Town facilities:

The nearest town, Salelonga, has internet, an ANZ Bank and a market.

Getting there:

Virgin (Pacific Blue) flies to Apia, Samoa's capital. The airport is close to the ferry terminal but you may not be able to get a ferry on the same day as your flight. We stayed the first night in Apia (1 hour from the airport). From Apia you need to take either a taxi or a bus to the ferry terminal (approximately 1 hour), and catch a 2 _ hour ferry to Savaii. The hospital is 20mins by car or 50 mins by bus from the ferry terminal on Savaii.


Savaii is a beautiful island to explore. We needed to hire a car to get around for our travel weekend. There is a small but beautiful waterfall, a beach with black volcanic sand, some impressive blow holes and a nice resort called Le Lagoto. Le Lagoto is a costly but worthwhile escape if you need a break from a hot, dirty house!

Hospital website:

Hospital contact:

Dr Arun Deshpande ( If you would like to make contact, please email and we will pass your message on. ) is one of the GPs who works at the hospital and would be a good person to contact. However, you also need to contact Dr Robert Thomson ( If you would like to make contact, please email and we will pass your message on. , +685 21212) at the Ministry of Health to obtain temporary registration.

My contact details:

Alana Jane Tuxen
If you would like to make contact, please email and we will pass your message on.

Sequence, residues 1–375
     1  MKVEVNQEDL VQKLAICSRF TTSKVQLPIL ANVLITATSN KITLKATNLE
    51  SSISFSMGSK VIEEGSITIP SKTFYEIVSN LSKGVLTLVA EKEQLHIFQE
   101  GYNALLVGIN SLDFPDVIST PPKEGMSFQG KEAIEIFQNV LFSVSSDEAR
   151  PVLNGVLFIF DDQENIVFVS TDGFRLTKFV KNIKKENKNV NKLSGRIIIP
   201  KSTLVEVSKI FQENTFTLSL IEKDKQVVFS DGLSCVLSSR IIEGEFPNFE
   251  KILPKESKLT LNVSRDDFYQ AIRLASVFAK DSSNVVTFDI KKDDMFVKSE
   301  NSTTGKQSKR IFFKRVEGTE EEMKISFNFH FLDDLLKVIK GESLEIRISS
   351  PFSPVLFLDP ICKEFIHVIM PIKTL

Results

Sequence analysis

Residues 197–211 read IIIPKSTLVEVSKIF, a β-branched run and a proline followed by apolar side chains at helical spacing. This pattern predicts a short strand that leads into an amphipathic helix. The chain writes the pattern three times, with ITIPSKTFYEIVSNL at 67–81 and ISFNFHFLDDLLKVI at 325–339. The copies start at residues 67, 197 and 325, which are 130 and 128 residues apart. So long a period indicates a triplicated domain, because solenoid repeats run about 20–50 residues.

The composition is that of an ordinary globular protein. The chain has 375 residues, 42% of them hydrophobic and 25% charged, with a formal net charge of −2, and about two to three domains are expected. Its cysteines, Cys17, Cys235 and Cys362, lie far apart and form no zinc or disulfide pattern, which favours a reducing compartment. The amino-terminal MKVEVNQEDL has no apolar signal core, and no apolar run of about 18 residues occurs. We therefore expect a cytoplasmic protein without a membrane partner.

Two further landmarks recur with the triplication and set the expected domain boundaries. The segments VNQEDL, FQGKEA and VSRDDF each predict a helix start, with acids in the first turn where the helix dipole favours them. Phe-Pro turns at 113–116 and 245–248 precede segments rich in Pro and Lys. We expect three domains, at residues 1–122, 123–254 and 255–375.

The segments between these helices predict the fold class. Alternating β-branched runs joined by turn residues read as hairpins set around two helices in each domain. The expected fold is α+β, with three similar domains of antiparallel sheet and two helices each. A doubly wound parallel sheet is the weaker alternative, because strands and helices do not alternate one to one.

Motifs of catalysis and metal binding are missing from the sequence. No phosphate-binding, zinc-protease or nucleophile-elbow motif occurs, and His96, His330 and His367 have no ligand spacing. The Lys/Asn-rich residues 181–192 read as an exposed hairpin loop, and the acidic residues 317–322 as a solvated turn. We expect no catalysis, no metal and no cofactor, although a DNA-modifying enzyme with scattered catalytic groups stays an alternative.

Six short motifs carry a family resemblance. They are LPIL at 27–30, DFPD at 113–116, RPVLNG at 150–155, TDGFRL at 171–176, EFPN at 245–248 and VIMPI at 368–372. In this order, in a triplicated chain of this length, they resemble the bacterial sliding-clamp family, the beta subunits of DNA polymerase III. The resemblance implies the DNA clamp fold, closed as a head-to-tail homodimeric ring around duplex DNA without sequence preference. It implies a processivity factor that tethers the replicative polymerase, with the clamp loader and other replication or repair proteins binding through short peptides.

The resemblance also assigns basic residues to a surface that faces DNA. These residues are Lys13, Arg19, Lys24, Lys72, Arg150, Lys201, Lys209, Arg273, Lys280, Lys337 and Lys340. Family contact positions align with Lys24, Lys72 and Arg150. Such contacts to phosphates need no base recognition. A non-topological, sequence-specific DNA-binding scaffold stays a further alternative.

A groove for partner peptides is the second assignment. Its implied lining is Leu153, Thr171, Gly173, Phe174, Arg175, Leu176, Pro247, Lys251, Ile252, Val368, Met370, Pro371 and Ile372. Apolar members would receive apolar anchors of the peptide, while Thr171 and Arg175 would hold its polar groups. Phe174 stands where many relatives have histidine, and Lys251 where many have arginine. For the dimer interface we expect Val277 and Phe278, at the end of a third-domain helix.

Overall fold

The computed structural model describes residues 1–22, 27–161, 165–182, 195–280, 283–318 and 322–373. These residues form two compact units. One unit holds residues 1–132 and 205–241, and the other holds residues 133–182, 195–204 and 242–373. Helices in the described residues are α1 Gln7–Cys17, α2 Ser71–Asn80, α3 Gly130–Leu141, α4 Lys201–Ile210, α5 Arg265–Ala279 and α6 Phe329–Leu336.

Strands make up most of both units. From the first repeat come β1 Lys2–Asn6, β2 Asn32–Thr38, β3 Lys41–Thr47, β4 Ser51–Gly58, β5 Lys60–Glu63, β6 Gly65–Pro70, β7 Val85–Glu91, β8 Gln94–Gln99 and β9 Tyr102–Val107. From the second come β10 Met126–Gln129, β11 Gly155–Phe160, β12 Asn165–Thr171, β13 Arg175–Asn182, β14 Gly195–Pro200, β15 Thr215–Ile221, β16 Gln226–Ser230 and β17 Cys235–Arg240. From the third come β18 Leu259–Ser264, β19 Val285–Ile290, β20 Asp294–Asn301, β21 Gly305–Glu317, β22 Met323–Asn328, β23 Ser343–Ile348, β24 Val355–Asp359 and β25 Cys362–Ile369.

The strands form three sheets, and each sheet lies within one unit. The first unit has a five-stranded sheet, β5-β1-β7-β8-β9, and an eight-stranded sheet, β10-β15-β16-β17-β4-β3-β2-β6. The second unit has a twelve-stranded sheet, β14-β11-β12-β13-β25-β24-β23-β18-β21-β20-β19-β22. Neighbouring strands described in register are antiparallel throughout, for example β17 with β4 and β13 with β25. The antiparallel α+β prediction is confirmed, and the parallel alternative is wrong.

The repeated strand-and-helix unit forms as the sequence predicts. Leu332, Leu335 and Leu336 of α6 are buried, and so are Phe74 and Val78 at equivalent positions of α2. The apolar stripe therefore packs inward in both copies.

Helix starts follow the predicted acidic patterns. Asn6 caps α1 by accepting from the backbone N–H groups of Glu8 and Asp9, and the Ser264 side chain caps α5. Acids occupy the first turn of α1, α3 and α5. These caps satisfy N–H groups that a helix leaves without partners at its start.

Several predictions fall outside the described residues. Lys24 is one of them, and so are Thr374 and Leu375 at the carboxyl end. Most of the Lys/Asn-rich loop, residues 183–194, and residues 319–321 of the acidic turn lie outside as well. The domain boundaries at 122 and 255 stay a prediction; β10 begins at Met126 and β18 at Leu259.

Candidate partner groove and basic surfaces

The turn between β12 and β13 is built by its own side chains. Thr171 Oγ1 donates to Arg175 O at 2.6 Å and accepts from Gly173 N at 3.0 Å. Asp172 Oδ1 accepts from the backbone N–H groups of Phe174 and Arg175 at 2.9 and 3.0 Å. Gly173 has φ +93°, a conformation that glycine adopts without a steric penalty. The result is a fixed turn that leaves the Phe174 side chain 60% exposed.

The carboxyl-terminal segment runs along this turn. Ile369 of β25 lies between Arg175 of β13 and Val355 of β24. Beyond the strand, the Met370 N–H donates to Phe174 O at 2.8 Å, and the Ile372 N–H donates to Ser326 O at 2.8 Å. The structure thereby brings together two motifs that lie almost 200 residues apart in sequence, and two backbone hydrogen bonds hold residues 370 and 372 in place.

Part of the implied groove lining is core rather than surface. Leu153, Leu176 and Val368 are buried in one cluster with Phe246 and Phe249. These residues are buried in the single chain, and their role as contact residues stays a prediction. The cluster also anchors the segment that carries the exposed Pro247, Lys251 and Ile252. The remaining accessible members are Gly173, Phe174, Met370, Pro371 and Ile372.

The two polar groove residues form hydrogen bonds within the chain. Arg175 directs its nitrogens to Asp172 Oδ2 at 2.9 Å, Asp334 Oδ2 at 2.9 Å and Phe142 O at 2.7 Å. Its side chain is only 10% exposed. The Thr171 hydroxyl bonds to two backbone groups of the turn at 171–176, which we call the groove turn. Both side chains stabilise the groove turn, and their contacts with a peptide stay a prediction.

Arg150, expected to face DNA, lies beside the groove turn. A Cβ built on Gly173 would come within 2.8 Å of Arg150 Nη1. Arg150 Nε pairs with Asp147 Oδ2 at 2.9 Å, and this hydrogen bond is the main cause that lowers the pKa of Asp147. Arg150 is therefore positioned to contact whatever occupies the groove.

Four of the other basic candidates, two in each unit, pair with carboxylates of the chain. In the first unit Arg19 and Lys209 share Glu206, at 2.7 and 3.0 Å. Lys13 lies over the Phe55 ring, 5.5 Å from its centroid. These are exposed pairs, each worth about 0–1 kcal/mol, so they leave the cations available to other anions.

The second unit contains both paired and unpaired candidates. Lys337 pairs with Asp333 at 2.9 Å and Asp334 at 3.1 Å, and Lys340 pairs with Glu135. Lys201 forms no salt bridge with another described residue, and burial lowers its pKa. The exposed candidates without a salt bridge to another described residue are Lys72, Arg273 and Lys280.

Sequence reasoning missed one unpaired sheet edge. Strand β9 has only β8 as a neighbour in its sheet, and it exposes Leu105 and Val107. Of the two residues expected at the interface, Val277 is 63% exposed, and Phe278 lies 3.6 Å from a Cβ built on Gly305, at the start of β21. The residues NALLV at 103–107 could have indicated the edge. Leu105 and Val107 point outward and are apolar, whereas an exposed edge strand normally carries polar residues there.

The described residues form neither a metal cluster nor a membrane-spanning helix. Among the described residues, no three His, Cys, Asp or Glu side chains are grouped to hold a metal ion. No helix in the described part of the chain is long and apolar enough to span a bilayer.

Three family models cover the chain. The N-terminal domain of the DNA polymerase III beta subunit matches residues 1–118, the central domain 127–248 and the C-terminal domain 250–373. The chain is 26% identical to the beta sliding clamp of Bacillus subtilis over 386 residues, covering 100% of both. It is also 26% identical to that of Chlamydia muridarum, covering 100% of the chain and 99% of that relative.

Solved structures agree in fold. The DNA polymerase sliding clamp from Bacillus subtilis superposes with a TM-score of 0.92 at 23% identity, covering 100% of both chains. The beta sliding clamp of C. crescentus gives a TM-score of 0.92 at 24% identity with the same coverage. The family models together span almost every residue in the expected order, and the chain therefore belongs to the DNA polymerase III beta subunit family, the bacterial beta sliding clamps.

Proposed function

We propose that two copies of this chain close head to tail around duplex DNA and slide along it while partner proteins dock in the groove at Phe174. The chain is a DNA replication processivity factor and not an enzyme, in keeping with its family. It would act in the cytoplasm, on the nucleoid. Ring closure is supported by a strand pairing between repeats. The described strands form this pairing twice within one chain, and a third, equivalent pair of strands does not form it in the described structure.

Date of vist: March-April 2007

Other Comments:

I would not paticularly recommend this placement. We had a really problematic time with the government obtaining temporary registration. We contacted the Ministry of Health prior to arrival, who advised us that we would need a copy of our current CV, two references, and a copy of our medical registration in Australia, and who specifically advised us that a working visa was not necessary. However, when we arrived with out certified copies of our degrees and registration, we were told this was not sufficient and that we needed to bring our originals. It was a total nightmare trying to sort it out! Furthermore, after working for two weeks we were contacted by the Department of Immigration who advised us that we had been working illegally without visas and threatened us with a $5000 AUD fine. Apparently we should have applied and paid $300 AUD for a working visa prior to arrival. The Ministry of Health assured us that they would try and advocate for legislative changes so this does not happen in the future to volunteering doctors. My advice is make sure you contact the Samoan Embassy in Canberra before you leave (Tel: (+612 6286 5505) and make sure you have a working visa if you need one. My other advice is and if you want to work here, you will have to take the risk and bring your original documentation!!